From David C. Broughton of Northwood, Middlesex, in the November 1978 issue:
Here is a little puzzle to test your readers' 8080 machine ingenuity:
“Imagine you possess an 8080 with 64K bytes of read/write memory which you want to clear. Write a program that sets all 65536 bytes to zero.”
It seemed like a fun little puzzle so I tried my hand at it.
The 8080 can address 65,536 bytes of memory, so the implication behind this is to clear all of memory, including the running program! Which means that the last instruction to execute has to clear out the last instruction! Since it's a byte addressed machine, that means that the last instruction has to pretty much be a single byte in size.
Not that big a deal. There are a few one byte instructions that write a byte to memory through an index register. Unfortunately, there are no “write-byte-increment-pointer” type instructions. So you need to increment (or decrement) the pointer. No big deal; there are one byte instructions to do that as well.
So, to write a byte and increment a pointer takes two bytes. So that's two cycles I have to go through, but depending on which direction I clear memory with (it doesn't really matter which way you go, as the address will wrap around anyway) I may wipe out the instruction with which I'm clearing out memory. At one point I had:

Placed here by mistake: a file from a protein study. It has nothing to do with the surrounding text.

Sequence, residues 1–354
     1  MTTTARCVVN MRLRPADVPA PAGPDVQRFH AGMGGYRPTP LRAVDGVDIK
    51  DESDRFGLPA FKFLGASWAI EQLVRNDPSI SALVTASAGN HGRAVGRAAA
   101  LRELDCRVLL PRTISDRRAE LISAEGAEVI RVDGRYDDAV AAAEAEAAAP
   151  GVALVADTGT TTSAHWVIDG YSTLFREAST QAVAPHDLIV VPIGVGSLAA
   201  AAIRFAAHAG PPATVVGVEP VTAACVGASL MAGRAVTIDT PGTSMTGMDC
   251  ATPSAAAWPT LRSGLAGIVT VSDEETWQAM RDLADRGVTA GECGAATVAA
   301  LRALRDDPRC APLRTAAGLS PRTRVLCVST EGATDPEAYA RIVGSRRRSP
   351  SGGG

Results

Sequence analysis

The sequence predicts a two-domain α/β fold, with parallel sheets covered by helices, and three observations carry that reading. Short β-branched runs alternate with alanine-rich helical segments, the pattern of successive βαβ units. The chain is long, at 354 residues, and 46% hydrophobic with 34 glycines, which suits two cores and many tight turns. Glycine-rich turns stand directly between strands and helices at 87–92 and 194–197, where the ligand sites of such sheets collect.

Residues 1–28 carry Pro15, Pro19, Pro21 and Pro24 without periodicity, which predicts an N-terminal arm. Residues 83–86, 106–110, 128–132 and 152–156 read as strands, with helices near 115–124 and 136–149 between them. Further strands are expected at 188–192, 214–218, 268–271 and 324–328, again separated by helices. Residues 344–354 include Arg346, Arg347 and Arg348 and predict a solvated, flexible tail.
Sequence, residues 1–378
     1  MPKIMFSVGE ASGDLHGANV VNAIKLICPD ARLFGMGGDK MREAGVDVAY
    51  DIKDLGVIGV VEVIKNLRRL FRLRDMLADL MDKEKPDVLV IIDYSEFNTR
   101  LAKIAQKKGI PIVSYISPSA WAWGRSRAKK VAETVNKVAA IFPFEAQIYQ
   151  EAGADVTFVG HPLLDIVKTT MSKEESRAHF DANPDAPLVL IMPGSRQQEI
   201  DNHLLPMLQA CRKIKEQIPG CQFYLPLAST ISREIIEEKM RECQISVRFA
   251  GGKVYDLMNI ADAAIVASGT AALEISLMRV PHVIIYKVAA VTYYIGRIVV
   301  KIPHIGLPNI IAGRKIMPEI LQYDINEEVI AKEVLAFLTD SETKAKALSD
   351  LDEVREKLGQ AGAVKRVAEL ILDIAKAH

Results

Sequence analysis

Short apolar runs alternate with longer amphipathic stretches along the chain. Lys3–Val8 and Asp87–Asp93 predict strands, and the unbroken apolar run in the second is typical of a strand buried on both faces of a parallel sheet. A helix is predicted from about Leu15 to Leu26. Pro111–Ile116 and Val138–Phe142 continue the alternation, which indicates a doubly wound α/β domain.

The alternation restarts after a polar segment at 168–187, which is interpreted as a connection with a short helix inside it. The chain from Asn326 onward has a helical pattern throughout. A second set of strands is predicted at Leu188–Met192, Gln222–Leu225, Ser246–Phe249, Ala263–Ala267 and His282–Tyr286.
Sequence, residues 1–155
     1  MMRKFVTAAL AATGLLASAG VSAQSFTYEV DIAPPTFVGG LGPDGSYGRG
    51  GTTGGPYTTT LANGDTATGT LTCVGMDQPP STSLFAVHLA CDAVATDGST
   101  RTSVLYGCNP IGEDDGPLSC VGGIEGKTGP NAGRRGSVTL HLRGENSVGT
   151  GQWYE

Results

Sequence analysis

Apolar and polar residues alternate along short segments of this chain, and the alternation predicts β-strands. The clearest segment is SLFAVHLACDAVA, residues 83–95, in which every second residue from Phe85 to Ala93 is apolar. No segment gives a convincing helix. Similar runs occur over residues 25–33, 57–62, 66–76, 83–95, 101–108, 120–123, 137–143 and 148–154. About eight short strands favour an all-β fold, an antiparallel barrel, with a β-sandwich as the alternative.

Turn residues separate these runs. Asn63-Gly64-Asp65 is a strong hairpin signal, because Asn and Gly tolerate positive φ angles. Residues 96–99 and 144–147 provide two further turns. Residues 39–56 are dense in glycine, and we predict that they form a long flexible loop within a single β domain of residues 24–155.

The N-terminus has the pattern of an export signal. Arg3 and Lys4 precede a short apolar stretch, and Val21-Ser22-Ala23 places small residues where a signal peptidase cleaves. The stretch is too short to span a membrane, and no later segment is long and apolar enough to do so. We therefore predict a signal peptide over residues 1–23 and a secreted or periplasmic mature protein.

That didn't dawn on me until after an hour and a half of writing 8080 code (which I'm not terribly familiar with and all the references I have are for the Z80, which is a superset of the 8080.
It's 4:30 AM, I'm driving and the radio is tuned to a dead local station. But the atmospheric conditions are such that I'm picking up two very remote stations across the meter wave of space. One is a Christian station playing traditional hymms; the other techno-trance. The blend of the two, and they blend rather nicely, is undescribably good. X-trance if you will.
It's always fun listening to the meter waves of space deep in the night.